A week later the application form appeared on my bench at work, and, after a lot of thought, I filled it in and with it wrote a potted history of the CLR.

In it I told briefly of the construction of the railway in 1860, and of how Chasewater Light Railway has been at Chasewater for 25 years, and of our plans to relay the track across the causeway and around the far side of the lake.  To do this we need money to buy materials to replace badly rotted sleepers, and rail which has staggered joints or had been criminally taken away for scrap.  I also wrote of what had already been achieved – the re-laying of the track to extend the running line, the repairs to Willow Vale bridge handrails to allow passenger trains to run over it, and finally, the passing of the extension by the Railway Inspectorate for passenger carrying trains.  The application was posted and almost forgotten about, until, on 24th April, a letter came through the door. I opened it up and read:

‘Bass Community Awards’

‘Further to your recent application for consideration under the above scheme, I am pleased to advise you that your organisation, Chasewater Light Railway & Museum Co. has been successful and has been awarded £300.  Could you please contact me on the above telephone number in order that we can discuss details of the cheque presentation.’

I telephoned the said number and arranged a date for the presentation at 7.00pm on Wednesday 27th May.  After a lot of thought and discussion, it was decided to use the £300 award to pay for the transport of redundant track materials from Hams Hall Power Station on 26th May.

Chris Chivers, Andy Clegg, Chris Hatton, Adrian Hall and myself, with ‘DJ’ Geoff running a shuttle service in his van were the crew who went to Hams Hall to load the trackwork, while Steve Organ, Arthur Edwards and others stayed at Chasewater to receive and unload the lorries.  Unfortunately, things did not run to plan, and what was supposed to be the first load at 9.00am departure from Hams Hall was in fact 6.30pm.  The second load arrived late afternoon on the 27th – the day of the presentation.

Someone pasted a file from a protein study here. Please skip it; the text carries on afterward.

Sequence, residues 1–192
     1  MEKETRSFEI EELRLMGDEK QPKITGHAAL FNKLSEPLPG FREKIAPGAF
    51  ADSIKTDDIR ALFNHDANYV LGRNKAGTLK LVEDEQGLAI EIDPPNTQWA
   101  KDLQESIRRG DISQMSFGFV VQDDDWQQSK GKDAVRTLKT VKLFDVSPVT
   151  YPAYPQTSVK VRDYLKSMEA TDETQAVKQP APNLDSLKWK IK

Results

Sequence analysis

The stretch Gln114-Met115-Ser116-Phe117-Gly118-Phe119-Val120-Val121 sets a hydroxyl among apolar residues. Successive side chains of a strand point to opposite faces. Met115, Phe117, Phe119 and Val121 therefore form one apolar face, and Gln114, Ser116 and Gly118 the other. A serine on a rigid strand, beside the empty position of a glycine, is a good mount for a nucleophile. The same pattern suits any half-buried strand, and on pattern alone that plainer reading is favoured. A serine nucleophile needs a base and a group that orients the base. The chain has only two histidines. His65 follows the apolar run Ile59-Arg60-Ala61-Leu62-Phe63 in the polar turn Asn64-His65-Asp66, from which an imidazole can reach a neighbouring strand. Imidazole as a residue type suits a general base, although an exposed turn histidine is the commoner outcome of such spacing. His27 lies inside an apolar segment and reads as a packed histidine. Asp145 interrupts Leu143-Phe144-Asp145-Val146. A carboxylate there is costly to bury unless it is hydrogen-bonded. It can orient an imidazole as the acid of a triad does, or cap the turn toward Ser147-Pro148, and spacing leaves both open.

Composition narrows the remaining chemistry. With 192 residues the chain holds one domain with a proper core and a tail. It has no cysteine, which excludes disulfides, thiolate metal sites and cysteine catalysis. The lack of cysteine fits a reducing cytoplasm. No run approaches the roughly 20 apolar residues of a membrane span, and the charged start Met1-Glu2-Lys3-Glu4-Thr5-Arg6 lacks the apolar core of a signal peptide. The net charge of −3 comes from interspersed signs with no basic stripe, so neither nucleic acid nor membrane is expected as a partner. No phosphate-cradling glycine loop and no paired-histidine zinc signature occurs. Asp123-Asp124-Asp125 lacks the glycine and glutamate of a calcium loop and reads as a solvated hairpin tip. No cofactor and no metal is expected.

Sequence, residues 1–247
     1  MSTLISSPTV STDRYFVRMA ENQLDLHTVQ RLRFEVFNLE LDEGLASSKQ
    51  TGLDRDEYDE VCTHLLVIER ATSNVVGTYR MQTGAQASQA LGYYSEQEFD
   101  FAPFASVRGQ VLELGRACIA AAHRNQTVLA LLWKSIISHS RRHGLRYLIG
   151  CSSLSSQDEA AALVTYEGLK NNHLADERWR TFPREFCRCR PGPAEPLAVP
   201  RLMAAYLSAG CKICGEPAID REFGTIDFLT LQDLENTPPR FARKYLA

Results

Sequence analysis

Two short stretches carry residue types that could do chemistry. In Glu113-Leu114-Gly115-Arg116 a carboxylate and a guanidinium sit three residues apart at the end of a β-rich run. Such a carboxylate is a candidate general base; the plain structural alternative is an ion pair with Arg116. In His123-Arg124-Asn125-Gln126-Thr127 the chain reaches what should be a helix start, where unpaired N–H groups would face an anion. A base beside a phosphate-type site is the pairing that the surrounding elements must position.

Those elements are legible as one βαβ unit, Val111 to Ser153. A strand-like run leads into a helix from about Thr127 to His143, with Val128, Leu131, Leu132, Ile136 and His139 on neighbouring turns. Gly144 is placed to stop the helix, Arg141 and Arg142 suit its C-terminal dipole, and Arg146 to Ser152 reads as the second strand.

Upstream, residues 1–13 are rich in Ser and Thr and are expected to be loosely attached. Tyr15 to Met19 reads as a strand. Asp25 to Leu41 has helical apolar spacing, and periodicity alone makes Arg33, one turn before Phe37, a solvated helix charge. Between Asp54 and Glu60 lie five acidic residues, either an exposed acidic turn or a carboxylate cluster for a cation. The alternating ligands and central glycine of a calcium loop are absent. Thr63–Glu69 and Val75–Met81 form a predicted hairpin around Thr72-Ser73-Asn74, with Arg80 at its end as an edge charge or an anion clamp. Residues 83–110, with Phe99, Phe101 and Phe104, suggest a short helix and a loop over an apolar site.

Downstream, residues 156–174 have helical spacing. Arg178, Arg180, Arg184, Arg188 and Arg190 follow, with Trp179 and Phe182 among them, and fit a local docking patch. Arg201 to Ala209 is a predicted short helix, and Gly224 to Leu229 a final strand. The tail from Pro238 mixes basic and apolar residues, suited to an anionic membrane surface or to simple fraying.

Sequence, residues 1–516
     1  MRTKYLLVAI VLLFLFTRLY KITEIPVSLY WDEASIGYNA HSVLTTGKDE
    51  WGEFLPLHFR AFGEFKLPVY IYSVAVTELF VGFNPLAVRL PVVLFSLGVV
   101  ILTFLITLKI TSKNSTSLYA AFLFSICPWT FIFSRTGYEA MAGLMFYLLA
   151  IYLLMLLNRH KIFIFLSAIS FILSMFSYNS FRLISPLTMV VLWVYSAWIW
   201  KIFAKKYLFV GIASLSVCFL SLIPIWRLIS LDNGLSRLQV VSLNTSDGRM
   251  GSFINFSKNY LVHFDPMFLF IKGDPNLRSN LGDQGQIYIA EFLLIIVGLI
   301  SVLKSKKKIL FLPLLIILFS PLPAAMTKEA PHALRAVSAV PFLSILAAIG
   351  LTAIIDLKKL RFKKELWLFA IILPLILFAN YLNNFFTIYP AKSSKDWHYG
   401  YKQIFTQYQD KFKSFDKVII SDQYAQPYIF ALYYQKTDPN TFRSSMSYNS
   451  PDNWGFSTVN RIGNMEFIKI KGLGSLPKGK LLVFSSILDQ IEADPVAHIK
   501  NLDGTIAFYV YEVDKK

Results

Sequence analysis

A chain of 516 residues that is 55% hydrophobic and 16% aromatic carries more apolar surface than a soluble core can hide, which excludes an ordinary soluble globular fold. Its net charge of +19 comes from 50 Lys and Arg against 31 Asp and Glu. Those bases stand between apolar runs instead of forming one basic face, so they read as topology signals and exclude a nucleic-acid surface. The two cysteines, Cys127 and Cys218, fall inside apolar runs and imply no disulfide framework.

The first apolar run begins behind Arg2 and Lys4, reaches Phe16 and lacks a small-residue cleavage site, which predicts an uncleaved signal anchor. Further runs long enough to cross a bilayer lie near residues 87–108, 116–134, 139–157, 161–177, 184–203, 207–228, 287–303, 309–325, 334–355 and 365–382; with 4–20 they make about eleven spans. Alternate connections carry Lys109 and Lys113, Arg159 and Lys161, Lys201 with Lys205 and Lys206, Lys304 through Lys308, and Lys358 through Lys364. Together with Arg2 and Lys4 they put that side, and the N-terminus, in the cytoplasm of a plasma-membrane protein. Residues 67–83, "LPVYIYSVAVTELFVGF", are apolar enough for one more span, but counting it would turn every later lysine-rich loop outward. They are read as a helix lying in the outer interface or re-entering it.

As it happened, this worked in our favour as Janice Clarke, PR Officer for Bass, and her photographer were able to take a picture  of the last load, unloaded with Yours Truly presenting the cheque to Chris Chivers, while Steve, Arthur and Chris Hatton posed in the background.  (Working for Bass is just like working at Chasewater – if you want anything done, you have to do it yourself!).  The picture and story were released to the press and appeared in the ‘Express and Star’ on 15th June.What we recovered from Hams Hall were: 4 sets of points, a rail drilling machine, 1 buffer stop complete, a number of point timbers, 2 point levers, some sleepers, rail, chairs and numerous other materials.

A small buffet was given at Brownhills West on the occasion, and I would like to thank Bass personally for their award of £300, and also everyone who took time to turn up on the 27th.

The Bass awards are an annual event, so if anyone has a suggestion for next year, please let me know.